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Wednesday 19 Dec 2018 | 14:42 | SYDNEY
Wednesday 19 Dec 2018 | 14:42 | SYDNEY

Counter-terrorism: After the 9/11 decade



5 March 2013 11:02

Cynthia Banham is a former diplomatic correspondent for Fairfax and a PhD candidate at the Regulatory Institutions Network, ANU.

The Open Society Foundation's recent report detailing the scale of the Bush Administration's extraordinary rendition program and the extent of cooperation by 54 allies reveals yet again the excesses in the way liberal democracies responded to the al Qaeda terrorist threat in the decade after the 9/11 attacks.

Yet in many ways the actions of the governments that came after those of George W Bush, Tony Blair and Gordon Brown tell us more about the lengths to which modern liberal democracies will go in order to defend themselves against terrorist threats. These governments did not face imminent national security crises, yet their willingness to subvert the rule of law has been no less flagrant.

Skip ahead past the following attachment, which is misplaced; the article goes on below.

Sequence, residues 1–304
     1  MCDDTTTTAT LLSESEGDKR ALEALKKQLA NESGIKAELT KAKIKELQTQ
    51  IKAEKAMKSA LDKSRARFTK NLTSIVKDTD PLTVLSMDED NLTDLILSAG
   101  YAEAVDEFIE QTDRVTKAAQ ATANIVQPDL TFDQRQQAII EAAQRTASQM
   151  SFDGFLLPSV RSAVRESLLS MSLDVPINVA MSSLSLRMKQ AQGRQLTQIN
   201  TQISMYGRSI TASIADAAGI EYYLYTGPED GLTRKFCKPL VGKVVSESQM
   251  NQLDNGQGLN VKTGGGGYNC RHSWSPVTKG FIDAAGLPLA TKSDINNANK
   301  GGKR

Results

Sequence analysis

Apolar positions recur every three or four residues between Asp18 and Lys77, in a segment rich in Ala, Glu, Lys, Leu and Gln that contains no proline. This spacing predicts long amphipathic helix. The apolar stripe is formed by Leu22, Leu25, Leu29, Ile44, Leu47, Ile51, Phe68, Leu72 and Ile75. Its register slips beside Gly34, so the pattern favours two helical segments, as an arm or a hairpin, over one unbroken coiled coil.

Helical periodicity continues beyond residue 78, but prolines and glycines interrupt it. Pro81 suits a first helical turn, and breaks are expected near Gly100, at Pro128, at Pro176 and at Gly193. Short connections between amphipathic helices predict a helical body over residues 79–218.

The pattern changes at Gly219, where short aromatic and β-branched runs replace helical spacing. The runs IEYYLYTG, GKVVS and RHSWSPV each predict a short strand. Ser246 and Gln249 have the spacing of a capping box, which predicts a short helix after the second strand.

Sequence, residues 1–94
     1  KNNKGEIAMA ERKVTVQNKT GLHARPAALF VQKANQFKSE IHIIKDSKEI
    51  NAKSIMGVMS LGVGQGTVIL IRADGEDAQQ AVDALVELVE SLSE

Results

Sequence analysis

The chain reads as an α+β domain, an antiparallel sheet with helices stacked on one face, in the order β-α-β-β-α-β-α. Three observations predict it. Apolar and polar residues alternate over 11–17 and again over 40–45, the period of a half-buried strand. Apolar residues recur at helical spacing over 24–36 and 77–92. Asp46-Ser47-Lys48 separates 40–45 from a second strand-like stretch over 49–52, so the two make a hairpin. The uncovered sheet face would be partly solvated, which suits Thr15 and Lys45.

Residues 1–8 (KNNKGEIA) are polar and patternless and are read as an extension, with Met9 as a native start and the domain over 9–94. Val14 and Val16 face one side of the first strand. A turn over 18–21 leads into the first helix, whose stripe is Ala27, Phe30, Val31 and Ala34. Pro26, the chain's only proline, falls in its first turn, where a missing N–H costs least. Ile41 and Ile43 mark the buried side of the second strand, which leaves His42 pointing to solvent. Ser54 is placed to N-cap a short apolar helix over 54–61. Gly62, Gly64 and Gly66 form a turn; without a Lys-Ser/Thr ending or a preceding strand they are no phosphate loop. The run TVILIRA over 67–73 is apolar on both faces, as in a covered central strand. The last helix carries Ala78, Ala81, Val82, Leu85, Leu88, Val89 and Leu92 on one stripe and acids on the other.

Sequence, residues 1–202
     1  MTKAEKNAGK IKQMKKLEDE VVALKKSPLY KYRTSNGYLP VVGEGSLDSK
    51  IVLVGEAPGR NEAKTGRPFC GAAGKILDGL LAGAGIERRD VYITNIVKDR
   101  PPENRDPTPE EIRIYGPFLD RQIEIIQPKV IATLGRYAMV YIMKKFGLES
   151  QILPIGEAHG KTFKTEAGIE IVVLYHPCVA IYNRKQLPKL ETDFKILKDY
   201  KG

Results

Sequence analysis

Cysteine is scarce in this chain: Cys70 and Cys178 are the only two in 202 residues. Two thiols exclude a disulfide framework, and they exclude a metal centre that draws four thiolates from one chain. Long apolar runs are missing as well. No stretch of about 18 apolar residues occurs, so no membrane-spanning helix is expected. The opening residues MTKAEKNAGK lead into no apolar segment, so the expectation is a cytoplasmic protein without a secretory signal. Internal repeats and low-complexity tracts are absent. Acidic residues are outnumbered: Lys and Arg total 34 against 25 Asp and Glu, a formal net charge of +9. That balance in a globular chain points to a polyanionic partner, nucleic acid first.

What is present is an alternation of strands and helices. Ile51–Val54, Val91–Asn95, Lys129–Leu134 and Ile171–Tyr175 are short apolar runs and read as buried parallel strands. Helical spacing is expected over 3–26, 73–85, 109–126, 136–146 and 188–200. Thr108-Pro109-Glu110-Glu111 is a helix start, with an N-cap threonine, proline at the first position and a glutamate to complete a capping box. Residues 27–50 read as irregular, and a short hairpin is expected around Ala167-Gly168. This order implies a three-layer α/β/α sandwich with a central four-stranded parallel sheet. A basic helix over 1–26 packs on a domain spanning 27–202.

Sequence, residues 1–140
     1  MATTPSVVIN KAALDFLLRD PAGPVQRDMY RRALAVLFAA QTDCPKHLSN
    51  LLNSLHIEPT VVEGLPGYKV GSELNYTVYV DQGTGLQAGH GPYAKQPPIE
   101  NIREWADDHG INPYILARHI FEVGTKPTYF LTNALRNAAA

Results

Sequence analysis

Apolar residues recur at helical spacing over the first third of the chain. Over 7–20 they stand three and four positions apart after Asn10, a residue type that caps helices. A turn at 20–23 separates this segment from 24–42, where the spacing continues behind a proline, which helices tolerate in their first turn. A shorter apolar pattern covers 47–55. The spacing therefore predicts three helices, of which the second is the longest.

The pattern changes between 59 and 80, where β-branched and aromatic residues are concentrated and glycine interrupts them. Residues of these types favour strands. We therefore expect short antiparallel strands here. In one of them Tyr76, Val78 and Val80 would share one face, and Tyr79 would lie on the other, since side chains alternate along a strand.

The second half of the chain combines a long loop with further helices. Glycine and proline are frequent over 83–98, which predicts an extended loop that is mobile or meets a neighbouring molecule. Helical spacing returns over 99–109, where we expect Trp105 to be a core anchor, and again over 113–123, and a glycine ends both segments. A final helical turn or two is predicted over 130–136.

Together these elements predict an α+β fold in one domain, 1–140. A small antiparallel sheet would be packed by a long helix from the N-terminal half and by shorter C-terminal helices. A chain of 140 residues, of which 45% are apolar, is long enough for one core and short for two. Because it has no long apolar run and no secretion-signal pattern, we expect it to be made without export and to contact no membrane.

It's instructive to compare two controversial counter-terrorism policies of the post-9/11 decade era through this lens. The first is the Obama Administration's targeted killings program, under which terrorist suspects are taken out by drone strikes without any judicial process. The other is the Cameron Government's Justice and Security Bill, which would introduce secret courts for civil cases involving national security – in particular, claims of wrongdoing by British intelligence agencies.

There is something eerily similar about the counter-terrorism policies of the Obama Administration and the Cameron Government. Both policies were borne out of the harsh condemnation of the counter-terror policies of previous governments – in the case of the US, the CIA's use of torture; in the UK's case, the complicity of M15 and M16 in torture.

Yet neither leader is faced with the sort of extreme public fear and general sense of imminent disaster that his predecessors had to deal with. Both policies emerge directly from the outrage generated by the involvement the two countries' intelligence services had in the use of torture after 9/11.  And in both cases, the response is to weaken the rule of law rather than to strengthen it.

In follow-up posts, I will look at the Obama Administration's targeted killing program and the Cameron Government's Justice and Security Bill in turn.

Photo by Flickr user Medill DC.

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